By Philippe Hugon
Translation: Melissa Okabe
Passage au crible n°59
Meetings dedicated to food security multiplied at the beginning of 2012, while studies reporting the assessment of land transactions show that between 2000 and 2010, on 200 million hectares of monopolized land, three-quarters were intended for biofuels and not for food security (Cirad, IIED, ILC,2012). Cornering of land in developing countries, in Africa and South America in particular, are therefore the object of increasing anxiety, while in a context of high agricultural and food prices, food security is threatened. Generally, these misconceived and nontransparent transactions lead to violent controversies, in particular between NGOs, international organizations, political decision-makers, peasant organizations and researchers. In Madagascar, for example, these deals played a decisive role in Marc Ravelomanana’s departure following the planned contract with the Korean firm Daewo.
In the Southern countries, over a period of about thirty years, we observed a low rate of agricultural investment and a downward trend of public aid in agriculture. Yet, the turning point of the 21st century is marked by an inversion of this trend. Large-scale international land acquisitions, like those of China, are multiplying in the Southern countries especially in Africa. Indeed, this continent is not only coveted for its under-ground resources (mines, hydrocarbons), but also for the wealth of its lands. In this respect, we can talk about a global game of Monopoly to acquire land. However, there are numerous unknown factors in the effective realization of these projects, compared to publicized announcements.
1. The fast growth of transactions. In a global context of rising agricultural prices, strong instabilities in financial markets and anticipation of an increase in organic-food consumption, land transactions under the forms of purchases or long-term rents (long leases) are quickly growing.
2. The emergence of a new neocolonialism. Do China’s land investments respond to a strategy of development aid as stated by authorities and several international organizations; do they create real opportunities, or are they rather a form of neocolonialism denounced by numerous NGOs?
First off, land cornering aims to produce biofuels. It also corresponds to anticipations in terms of food security or changes in the modes of consumption. Finally, they represent security investments. This results from three types of investors: 1) states deficit in lands and strong food importers, possessing strong financing capacities. 2) big food-processing groups but also industrialists, who most often testify to the logic of integrating the upstream in the downstream and/ or contractual farming for foodstuffs. 3) investors and banks considering land as securities investments.
The sellers and renters are countries with weak financial means but apparently have available land. This is the case in Africa where, since 2004, states have rented or sold more than 2.5 million hectares. Benefiting from more than 80 % of non-cultivated farmland1 this continent thus became the object of greed by investors in search of food and/or energy security. Also, Africa has seen a multiplication of bio-industrial and security investments.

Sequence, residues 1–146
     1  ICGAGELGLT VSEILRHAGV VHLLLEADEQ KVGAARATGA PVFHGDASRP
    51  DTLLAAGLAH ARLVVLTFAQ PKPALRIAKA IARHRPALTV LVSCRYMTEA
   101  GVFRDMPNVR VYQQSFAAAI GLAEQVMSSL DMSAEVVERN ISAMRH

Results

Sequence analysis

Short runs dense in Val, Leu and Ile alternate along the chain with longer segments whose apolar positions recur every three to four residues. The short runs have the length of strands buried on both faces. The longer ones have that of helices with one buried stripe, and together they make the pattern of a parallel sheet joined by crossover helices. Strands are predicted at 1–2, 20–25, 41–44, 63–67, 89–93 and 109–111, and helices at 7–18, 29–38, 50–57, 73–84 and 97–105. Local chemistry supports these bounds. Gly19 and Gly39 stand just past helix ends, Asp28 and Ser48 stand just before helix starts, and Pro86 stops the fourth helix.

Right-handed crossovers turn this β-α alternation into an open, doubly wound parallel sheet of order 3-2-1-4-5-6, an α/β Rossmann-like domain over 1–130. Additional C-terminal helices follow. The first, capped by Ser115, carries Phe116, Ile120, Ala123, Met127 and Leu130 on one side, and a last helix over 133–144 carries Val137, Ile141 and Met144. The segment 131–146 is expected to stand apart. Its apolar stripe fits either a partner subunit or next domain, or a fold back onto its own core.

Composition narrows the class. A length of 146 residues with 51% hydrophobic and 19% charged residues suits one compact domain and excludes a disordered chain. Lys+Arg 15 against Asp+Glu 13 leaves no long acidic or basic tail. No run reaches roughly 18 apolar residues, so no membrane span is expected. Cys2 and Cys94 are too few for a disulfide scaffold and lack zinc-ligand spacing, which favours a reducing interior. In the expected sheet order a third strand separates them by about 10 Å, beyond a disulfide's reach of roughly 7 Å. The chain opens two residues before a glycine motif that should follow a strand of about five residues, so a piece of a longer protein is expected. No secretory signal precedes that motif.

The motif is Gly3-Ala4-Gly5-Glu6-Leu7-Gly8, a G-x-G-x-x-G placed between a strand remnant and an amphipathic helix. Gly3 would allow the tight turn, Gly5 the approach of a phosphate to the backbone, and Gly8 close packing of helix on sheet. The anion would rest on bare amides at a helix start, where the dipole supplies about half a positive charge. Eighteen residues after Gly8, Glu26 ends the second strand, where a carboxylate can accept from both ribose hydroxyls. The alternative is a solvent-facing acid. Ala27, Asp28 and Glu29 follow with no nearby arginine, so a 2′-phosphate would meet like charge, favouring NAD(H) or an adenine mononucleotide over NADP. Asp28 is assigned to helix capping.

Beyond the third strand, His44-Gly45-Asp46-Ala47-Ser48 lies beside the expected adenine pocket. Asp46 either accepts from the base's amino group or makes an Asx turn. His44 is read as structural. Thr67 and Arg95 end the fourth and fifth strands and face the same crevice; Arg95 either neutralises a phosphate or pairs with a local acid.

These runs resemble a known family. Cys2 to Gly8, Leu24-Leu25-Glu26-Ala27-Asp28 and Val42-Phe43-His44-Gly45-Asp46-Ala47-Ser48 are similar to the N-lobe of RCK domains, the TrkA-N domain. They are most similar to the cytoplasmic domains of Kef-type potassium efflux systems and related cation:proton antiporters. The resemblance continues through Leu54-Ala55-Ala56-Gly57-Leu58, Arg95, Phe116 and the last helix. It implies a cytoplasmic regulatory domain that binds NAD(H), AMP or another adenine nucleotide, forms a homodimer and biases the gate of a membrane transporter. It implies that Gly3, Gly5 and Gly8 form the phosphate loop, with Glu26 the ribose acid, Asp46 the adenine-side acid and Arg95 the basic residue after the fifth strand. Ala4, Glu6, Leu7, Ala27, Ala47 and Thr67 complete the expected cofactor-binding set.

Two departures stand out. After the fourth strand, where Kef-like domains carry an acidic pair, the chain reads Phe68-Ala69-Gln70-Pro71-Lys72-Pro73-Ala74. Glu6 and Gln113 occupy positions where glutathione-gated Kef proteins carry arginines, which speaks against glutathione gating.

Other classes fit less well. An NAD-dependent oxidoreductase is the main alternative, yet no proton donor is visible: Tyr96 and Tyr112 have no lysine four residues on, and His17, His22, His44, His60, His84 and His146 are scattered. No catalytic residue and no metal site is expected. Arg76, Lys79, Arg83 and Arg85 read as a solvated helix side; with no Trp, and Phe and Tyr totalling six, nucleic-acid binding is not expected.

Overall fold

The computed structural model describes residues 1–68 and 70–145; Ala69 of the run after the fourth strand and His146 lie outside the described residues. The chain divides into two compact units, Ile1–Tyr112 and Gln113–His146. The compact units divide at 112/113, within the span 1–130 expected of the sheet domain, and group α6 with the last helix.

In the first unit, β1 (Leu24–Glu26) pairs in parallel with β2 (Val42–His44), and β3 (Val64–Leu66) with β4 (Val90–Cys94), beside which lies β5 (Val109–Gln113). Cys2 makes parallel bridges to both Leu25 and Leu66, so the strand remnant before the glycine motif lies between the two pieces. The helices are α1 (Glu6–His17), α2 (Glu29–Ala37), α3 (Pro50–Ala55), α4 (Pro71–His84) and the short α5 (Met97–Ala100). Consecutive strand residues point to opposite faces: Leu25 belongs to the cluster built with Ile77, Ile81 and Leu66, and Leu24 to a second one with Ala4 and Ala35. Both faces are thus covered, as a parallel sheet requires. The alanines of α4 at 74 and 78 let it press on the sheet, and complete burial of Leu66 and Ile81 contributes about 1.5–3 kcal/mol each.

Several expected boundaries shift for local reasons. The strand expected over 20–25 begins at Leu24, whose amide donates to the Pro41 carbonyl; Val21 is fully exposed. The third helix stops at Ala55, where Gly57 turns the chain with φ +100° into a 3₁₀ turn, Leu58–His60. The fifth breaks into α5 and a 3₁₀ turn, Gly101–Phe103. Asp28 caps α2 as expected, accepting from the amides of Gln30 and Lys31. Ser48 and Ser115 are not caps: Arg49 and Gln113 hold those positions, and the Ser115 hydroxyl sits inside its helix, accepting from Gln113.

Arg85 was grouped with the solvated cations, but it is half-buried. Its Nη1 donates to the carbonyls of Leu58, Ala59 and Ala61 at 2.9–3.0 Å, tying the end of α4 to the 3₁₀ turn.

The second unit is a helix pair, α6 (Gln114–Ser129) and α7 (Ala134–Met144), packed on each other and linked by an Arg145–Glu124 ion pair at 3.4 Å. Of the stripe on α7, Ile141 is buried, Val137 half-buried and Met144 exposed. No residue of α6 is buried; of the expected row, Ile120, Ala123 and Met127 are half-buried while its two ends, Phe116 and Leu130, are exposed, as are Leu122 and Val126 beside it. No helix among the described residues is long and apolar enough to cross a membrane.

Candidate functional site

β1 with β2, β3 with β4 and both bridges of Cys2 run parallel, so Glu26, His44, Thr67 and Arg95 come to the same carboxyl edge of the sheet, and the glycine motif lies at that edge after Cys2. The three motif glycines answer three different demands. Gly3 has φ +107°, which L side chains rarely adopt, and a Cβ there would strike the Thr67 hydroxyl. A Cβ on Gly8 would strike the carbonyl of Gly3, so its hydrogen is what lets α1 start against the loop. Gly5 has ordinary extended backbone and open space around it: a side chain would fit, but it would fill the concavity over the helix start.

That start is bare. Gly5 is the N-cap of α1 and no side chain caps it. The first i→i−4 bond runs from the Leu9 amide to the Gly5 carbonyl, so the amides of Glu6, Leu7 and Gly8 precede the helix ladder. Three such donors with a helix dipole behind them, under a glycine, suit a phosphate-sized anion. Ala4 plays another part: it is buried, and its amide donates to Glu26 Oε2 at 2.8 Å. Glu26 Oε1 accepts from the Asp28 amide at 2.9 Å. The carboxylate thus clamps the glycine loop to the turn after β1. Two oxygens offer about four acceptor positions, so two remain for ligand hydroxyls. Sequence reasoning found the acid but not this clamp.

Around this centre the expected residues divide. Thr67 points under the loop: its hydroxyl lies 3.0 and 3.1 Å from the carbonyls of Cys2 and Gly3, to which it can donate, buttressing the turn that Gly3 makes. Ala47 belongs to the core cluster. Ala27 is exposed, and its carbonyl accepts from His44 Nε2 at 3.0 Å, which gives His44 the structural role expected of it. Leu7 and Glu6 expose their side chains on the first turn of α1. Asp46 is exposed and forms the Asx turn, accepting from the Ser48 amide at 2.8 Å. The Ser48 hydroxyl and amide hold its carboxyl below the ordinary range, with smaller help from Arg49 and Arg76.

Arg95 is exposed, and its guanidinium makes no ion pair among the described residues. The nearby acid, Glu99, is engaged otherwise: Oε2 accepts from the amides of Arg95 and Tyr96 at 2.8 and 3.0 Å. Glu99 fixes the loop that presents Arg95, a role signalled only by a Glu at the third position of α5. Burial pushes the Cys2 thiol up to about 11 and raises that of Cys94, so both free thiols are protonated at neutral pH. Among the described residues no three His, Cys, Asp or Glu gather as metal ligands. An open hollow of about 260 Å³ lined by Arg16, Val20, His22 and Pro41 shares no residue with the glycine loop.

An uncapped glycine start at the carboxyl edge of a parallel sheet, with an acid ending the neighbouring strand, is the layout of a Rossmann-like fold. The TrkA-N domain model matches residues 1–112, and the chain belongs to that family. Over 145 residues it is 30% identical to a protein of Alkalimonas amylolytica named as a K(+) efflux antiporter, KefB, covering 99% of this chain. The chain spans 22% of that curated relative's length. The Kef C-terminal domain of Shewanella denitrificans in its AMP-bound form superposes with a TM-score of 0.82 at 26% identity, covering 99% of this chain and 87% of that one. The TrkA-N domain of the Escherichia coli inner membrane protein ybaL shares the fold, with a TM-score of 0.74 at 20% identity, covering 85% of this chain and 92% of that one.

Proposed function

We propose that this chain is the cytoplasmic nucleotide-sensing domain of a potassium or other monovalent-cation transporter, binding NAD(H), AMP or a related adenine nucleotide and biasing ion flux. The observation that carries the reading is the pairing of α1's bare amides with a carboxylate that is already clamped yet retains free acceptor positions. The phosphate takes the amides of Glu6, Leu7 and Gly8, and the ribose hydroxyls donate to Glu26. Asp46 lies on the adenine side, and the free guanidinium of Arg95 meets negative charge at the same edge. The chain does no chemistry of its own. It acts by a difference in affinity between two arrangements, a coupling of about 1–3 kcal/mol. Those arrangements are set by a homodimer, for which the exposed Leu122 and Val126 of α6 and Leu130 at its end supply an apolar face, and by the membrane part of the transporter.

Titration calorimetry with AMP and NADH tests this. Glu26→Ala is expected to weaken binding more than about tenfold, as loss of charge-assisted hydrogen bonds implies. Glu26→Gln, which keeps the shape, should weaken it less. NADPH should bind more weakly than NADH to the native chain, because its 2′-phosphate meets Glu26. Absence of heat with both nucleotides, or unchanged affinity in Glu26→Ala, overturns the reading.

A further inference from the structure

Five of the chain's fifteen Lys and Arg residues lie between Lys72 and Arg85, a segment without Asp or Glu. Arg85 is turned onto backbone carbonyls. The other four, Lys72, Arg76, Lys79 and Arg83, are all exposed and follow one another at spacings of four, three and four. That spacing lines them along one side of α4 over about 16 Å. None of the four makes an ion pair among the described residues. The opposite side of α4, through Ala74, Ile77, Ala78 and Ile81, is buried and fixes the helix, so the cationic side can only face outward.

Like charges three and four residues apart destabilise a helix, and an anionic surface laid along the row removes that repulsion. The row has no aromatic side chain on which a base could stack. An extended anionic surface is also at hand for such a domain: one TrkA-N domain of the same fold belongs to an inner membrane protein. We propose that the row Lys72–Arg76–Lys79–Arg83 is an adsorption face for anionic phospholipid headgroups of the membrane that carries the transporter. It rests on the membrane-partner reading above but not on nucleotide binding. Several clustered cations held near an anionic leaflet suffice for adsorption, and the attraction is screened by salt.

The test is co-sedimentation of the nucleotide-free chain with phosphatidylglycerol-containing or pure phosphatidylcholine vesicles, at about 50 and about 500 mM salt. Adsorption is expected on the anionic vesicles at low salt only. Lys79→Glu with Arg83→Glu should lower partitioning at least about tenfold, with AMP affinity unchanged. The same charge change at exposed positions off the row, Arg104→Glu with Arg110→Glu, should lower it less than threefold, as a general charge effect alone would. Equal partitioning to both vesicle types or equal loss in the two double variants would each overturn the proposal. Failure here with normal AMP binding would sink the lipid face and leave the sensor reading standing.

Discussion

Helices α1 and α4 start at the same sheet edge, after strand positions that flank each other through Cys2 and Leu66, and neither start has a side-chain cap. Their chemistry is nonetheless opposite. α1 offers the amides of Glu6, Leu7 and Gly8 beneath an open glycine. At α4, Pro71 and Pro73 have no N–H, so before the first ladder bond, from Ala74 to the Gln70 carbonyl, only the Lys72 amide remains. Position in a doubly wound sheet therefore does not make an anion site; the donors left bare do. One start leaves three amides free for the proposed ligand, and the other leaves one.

China invests all over the world in the farming sector. Globally, it possess 2.1 of 2.8 million hectares in South America, Africa, South-East Asia (300,000 of 400,000 hectares – rice, wood), in Australia, in Russia and in Kazakhstan (87,400 hectares). Appropriation of lands movements in Africa emanate from: 1) government corporations (such as the China State Farm Agribusiness in Gabon, Ghana, Guinea, Tanzania, Togo or Zambia). 2) regions with a measure of autonomy (for example the Shanxi Province Agribusiness Group). 3) from individual initiatives.
Several types of profits are expected, such as the influx of investment which would compensate for the reduction in Public Development Aid, technology and skill contributions, improvements in yields and productivity, food safety, or moreover, obtaining currencies (as in the case of biofuels). In fact, Chinese seeds can multiply the yields by two. On the other hand, other effects are more problematic. For example, Chinese installation in Mozambique’s big farms, planned exports, before the fall of Gaddafi, rice for the Chinese in Libya via the Malybia project or the biofuel project for 2 million hectares in Zambia and palm oil in the Democratic Republic of the Congo. The main risks are: 1) land conflicts as vulnerable communities, among which 80 % are without title deeds, risk to lose their land rights. 2) lack of transparency of contracts. 3) infringement on food security and sovereignty. 4) negative environmental effects, connected in particular to hybrid rice, GMOs, and control of seeds.
On the contrary, seizing opportunities connected to land transactions implies that various actors are stakeholders in the contracts, that the farmers’ property rights are protected and that family farms benefit, thanks to subcontracts, infrastructure arrangements, input location and credit, the appropriate externalities for big operations.
Afrique contemporaine « Investissements agricoles en Afrique » (237) N, 2011. CIRAD, IIUED, ILC (M Taylor ,al) www.landcoalition.org/cpl/CPL-synthesis-Report, déc 2012.
“Land grab or development opportunity? Agricultural investment and international land deals in Africa” Juin 2009 – IIED, FAO and IFAD – Lorenzo Cotula, Sonja Vermeulen, Rebeca Leonard, James Keeley. Philippe Hugon, Fabienne Clérot « Les relations Chine-Afrique- les investissements agricoles au Mali », Rapport MAEE, 2010
1. 1.5 billion of 2.7 billion hectares of arable land are cultivated in the world, that is 55 %. Approximately only 190 million hectares of farmland on the African continent are exploited, which is a fifth of the total potential (source Agrimonde, FAO).